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Big Ten to have MSG hockey-hoops doubleheader from 2016-2019

Penn State and Michigan will be the first on January 30, 2016.

Madison Square Garden
Madison Square Garden
Andy Marlin-USA TODAY Sports

As part of the Big Ten's East Coast expansion, Madison Square Garden will host hockey and hoops doubleheaders in New York City over the next four seasons.

The conference announced Tuesday a significant partnership with the World's Most Famous Arena. It includes a branding presence inside and outside the arena along with the 2018 Big Ten men's basketball conference tournament.

"We are thrilled to establish this long-term partnership with Madison Square Garden, one of the most-revered brands and buildings in all of sports," Big Ten Commissioner James E. Delany said in a released statement. "This pairing is a natural fit for us as we continue to extend our brand and live in two regions of the country. The Garden has been the site of countless iconic moments throughout history, and we look forward to showcasing some of the best basketball and hockey programs in the country through this partnership."

As previously reported, Michigan and Penn State will be the first two teams to play at Madison Square Garden. The Nittany Lions and Wolverines, both of whom have played hockey games at MSG in recent years, face off in hockey and hoops January 30, 2016.

The remaining doubleheader match-ups have not been decided though the Big Ten is looking at having a consistent late January-early February presence.

Although there are many reasons for the Big Ten to expand its East Coast presence after admitting Maryland and Rutgers, the doubleheaders have its share of pros and cons. Neither newly B1G school carries men's hockey. It's not catering to either.

For five of the six schools which sponsor the sport (all but Penn State), the regular season event is a flight away. From the sound of things it doesn't like hockey expansion in coming in the East either.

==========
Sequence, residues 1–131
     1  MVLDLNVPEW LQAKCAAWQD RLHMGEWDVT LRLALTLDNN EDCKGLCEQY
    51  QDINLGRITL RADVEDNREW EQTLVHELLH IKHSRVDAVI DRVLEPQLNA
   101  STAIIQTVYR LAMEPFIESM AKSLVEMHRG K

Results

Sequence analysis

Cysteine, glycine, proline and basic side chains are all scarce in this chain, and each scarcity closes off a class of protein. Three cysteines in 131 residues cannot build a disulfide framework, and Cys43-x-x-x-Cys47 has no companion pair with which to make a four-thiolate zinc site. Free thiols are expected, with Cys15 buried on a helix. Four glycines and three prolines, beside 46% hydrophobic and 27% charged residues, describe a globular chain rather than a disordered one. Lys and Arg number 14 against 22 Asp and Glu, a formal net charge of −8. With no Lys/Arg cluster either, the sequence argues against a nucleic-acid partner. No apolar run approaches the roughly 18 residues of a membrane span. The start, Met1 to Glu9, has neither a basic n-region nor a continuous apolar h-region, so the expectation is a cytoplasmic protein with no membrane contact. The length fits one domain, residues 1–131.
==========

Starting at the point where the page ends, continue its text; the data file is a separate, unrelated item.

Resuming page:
There are alumni in New York City - the Big Ten quotes 100,000 in the metropolitan area - which wouldn't have the chance to watch on a regular basis. In this case, the game seems more focused upon them, much more than having the Midwest take flight towards the East Coast. (Based on informal polling of my followers the "yes" votes are few and far between.) Getting people to travel flight-like distances in college hockey has been a struggle in general short of the Frozen Four.

Even if the idea is more hoops-oriented, selling out for a destination in another affects both.

Being the only Power 5 conference with hockey has advantages. Coupling winter sports together is unique, but comes strangely across in a sport where stability and tradition have a hold on a fandom used to doing its own thing. That isn't to say there is a right or wrong answer.

If treated to a point where one is just an add in, it's a detriment to the foundation the conference is building with hockey, however.

Before going down the "hockey is an afterthought" path, the two teams chosen have had success drawing for puck at Madison Square Garden. Michigan sold out its MSG hockey game in 2012. Granted, both played against "nearby" Cornell, something that won't happen over the next four seasons, however, combined with hoops fans and fans of the school it makes sense to open with both schools.

Michigan and Penn State are year 1. After that? Minnesota-Wisconsin in NYC is not the same as Soldier Field.

The idea to have a Big Ten version of Cornell's Frozen Apple fits in with the conference's philosophy of b1g events (pun intended). In a way, the Madison Square Garden Games feel like a continuation; a new regular season experience to schedule around which complement outdoor games.

For Big Ten hockey, the television promotion and exposure is much needed in a sport that at times struggles to catch the eye of the casual sports fan. People know the Big Ten. People know Madison Square Garden.

In theory this gives another chance to sell the game nationally, or outside the Midwest.

Yet  like outdoor games, ones which have been tentpoles of regular season match-ups in hockey. Hockey, like with basketball and the 2018 conference tournament, is selling itself short. With five of the six schools having played in at least one since 2013 (and Michigan and Michigan State seemingly playing one another in a new location every year) the point of diminishing returns has to be near. Moving outdoors or moving from a Midwest base to the bright lights of Broadway comes at a cost.

There can only be so many outdoor games involving the schools before the idea gets tiresome to those on TV and buying tickets.


Nathan Wells is a college hockey columnist for SB Nation. You can also follow him on Twitter --